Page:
Regarding Cote de Pablo's exit from "NCIS": Is it ever smart for an actor to leave a hit TV show at the peak of its popularity? — Leonica, New York
Put it this way: I've pinged talent managers, TV historians, and everyone in between. And for the most part, they answer me with the same two words:
If you've heard of him, it's likely because of the decade he spent co-starring on "CSI: Miami," a gig that ended last year. But before that, Caruso spent another near-decade in the wilderness. The flame-headed actor made big news in 1994 when he announced his departure from the wildly popular "NYPD Blue" after only one season, reportedly annoyed that he didn't get the raise he wanted. A slew of failed films followed, and eventually TV Guide ranked his fateful decision No. 6 on their list of TV's Biggest Blunders.
"He left 'NYPD Blue' thinking he was going to have a film career," says David Bushman, television curator at the Paley Center for Media. "The fact that he came back to TV to do 'CSI: Miami,' which is considered to have resuscitated his career, that was not what he had in mind when he left 'NYPD Blue.'"
However the hallowed ancestor of ill-advised departures is mostly likely that of McLean Stevenson, an original "M*A*S*H" cast member. The actor left the show at the height of its success; he and co-star Loretta Swit have said that Stevenson was feeling outshone by other cast members and wanted to leave so that he could play a lead. He later admitted that leaving the show was a serious mistake, and his career never recovered.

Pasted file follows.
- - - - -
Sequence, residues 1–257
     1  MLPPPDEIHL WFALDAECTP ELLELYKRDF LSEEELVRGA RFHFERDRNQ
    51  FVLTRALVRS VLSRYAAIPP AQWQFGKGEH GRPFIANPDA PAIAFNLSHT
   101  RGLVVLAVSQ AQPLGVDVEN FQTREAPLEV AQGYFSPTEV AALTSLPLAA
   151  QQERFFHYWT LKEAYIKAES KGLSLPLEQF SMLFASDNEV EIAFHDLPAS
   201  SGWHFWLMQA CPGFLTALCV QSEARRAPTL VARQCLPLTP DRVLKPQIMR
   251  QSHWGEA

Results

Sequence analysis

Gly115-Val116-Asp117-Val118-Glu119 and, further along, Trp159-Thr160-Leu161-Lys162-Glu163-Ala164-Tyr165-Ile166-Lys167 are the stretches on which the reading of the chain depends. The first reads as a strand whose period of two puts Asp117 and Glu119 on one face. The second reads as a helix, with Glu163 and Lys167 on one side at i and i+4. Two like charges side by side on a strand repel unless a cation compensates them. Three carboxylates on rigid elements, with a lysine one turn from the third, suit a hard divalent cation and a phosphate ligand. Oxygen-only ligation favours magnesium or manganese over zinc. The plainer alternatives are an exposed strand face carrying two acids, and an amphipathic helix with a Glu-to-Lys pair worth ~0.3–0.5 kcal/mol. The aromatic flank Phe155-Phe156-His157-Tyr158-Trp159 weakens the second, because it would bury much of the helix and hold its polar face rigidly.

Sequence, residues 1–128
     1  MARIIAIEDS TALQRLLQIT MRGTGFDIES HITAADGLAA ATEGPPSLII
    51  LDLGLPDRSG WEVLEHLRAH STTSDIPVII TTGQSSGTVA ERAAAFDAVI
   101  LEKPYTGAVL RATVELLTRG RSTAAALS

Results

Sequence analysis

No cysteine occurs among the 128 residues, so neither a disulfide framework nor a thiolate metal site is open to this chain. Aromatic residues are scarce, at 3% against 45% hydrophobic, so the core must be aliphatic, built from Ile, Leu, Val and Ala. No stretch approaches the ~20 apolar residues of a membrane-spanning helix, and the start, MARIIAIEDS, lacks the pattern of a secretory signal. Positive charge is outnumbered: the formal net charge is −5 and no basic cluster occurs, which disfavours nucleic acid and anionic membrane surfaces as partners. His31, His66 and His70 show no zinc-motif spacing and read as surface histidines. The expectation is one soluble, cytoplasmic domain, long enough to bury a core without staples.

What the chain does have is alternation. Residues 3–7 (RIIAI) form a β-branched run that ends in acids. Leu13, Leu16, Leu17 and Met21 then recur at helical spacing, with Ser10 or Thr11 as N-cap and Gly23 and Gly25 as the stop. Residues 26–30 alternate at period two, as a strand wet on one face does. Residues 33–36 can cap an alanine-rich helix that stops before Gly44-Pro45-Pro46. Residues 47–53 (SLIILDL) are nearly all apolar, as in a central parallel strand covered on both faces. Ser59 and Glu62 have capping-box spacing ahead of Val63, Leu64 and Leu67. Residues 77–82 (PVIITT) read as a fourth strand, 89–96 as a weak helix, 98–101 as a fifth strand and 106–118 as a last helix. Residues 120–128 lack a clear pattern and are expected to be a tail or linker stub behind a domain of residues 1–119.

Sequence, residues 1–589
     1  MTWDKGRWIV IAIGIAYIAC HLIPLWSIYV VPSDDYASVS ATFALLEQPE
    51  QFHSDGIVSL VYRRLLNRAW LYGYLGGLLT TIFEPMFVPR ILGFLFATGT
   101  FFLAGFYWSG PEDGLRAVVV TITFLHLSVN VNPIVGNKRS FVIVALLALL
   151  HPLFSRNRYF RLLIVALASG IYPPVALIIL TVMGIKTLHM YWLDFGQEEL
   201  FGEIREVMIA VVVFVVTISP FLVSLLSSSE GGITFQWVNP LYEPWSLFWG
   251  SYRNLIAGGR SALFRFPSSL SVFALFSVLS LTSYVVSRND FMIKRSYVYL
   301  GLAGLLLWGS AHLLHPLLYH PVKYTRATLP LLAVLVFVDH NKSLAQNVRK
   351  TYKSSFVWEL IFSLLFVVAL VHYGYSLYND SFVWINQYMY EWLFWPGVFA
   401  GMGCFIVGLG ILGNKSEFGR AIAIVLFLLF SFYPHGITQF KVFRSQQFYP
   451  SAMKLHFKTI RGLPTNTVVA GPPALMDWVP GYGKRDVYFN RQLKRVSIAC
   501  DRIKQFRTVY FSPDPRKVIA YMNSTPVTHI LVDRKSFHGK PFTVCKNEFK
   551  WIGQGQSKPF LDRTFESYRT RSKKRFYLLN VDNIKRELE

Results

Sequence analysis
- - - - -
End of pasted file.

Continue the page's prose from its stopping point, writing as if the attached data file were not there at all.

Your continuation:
"Ultimately, he became the butt of so many jokes," Bushman tells me.
All that said, however, some actors do know how to leave a show and make their careers work, the two most shining examples being Johnny Depp and George Clooney.
Depp left "21 Jump Street" a year before that show went off the air in 1991. Clooney quit in 1999, a full decade before "ER" folded. Both, of course, are now considered A-list film stars.
So why did they succeed where many others have failed? Preparation. Both Depp and Clooney (and John Travolta, by the way) established themselves on quality movie projects before cutting the TV cord.
"Johnny Depp did 'Edward Scissorhands' in 1990," Bushman points out, and — success or not — Clooney did a Batman picture. He also forged his now-very-lucrative relationship with Steven Soderbergh, via their first picture together, "Out of Sight," in 1998.
"Of all of the actors who have left a big TV show at the height of success," Bushman says, "no one has done it better than Clooney."